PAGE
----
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JavaScript Code Structure

JavaScript Code Structure

We’re moving into the wild and wonderful world of JavaScript programming. Before we start trying to be a skilled Ninja, we need to first spend some time in the dojo to hone our techniques. In other words, we won’t try to run before we first learn to walk. In this episode, we’ll take a look at the structure of the JavaScript language. Let’s jump right in!


JavaScript is written in Plain Text

Much like you understand already from writing HTML and CSS, JavaScript is simply written in plain text. This would be perfectly valid JavaScript in an HTML page:

javascript structure


JavaScript is an Interpreted Language

That’s right folks, it’s interpreted, not compiled. This does not make it any less of a programming language much to the chagrin of some of the embedded machine code engineers of the world! Unlike a language like C which must make use of an intermediate program called a compiler to transform high level syntax into machine level code, JavaScript is simply interpreted by the JavaScript engine of the browser at runtime. Modern day JavaScript engines are works of genius, allowing extremely fast and accurate execution of JavaScript code. Therefore, there is no need to worry about JavaScript’s interpreted nature.


JS is Case Sensitive

In working with technology, us web developers are exposed to numerous different languages and syntax. Some of the languages we encounter are case insensitive, but JavaScript is case sensitive so make sure to keep this in mind. You will find things breaking and not working with simple case errors. For example alert(‘I am the JavaScript Victim’); works fine whereas Alert(‘I am the JavaScript Victim’); will fail in spectacular fashion. Actually, it won’t be all that spectacular, in fact the only thing that would tip you off that something went wrong is, nothing would happen. Such is the nature of JavaScript, it is a tricky language to debug, but more on that in a later lesson.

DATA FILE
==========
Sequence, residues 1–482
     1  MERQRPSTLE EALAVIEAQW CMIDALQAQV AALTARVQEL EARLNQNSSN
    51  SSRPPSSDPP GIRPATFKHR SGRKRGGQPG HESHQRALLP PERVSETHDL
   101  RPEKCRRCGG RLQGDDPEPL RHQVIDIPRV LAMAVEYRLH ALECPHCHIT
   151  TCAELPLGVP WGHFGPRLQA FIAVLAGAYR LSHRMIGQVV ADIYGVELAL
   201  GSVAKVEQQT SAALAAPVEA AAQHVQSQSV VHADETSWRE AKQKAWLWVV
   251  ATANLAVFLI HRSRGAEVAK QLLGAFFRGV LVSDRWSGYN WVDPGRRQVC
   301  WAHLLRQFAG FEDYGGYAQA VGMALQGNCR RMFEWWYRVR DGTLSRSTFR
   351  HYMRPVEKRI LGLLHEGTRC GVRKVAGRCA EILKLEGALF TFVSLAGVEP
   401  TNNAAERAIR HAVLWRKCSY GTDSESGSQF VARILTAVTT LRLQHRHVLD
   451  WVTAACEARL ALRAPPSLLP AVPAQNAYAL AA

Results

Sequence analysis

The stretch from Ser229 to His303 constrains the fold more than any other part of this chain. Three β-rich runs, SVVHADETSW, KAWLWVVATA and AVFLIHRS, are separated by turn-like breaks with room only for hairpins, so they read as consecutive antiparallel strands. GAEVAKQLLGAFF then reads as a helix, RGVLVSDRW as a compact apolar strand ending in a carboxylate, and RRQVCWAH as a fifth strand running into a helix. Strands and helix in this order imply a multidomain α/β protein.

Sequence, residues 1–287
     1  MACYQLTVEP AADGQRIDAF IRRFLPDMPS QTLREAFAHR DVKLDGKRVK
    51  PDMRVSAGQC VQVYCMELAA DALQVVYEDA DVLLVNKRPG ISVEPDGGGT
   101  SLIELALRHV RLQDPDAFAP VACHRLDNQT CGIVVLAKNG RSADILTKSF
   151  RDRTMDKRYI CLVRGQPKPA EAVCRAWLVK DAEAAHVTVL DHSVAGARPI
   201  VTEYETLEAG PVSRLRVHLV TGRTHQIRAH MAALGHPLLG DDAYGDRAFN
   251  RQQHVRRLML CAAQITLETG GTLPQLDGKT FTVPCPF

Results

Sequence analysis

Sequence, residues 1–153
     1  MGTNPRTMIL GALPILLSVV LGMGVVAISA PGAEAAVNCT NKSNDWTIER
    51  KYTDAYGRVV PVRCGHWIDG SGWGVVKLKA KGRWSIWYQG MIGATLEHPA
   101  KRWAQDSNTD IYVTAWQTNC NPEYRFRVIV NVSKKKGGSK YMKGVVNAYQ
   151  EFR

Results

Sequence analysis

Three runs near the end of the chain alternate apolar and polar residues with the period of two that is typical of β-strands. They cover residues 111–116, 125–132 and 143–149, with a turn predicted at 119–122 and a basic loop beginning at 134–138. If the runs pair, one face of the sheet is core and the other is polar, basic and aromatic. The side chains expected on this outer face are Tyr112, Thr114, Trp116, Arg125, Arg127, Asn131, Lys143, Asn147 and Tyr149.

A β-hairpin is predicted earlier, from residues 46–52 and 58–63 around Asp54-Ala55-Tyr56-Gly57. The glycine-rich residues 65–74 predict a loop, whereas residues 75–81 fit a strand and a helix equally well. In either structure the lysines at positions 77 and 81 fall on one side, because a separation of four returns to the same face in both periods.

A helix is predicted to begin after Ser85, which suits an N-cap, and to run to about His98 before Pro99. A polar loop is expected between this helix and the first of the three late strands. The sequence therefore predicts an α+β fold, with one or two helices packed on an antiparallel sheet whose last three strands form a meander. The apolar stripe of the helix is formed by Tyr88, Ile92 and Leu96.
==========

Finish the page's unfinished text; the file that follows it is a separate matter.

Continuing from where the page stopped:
JavaScript Runs on Statements

Just like other languages, JavaScript runs one statement at a time. A statement is a group of executable language components terminated by a semi colon. Statements are usually executed in order from top to bottom. The order of execution can be changed by conditional statements such as if and switch, by looping statements such as while, for, and do, and by disruptive statements like break, return, and throw. Function execution also can change the top to bottom nature of statement execution.


JavaScript’s Forgiving Nature is a Weakness

JavaScript is a powerful and capable language. It does have some shortcomings that were actually meant to be helpful features when the language was first conceived. The most popular of them all is the highly infamous semicolon insertion. Built into JavaScript is the capability to detect poor syntax and automatically insert missing semicolons. Sounds like a good idea, right? Wrong. Should you forget to manually insert semicolons at the proper location in your code, Chuck Norris will unleash a fury of karate kicks and nun chuck whipping upon you. Well, maybe that won’t happen, but your scripts will be riddled with bugs that you will have almost no hope of finding, so make sure to just insert your semicolons so that everybody, including yourself, will stay happy.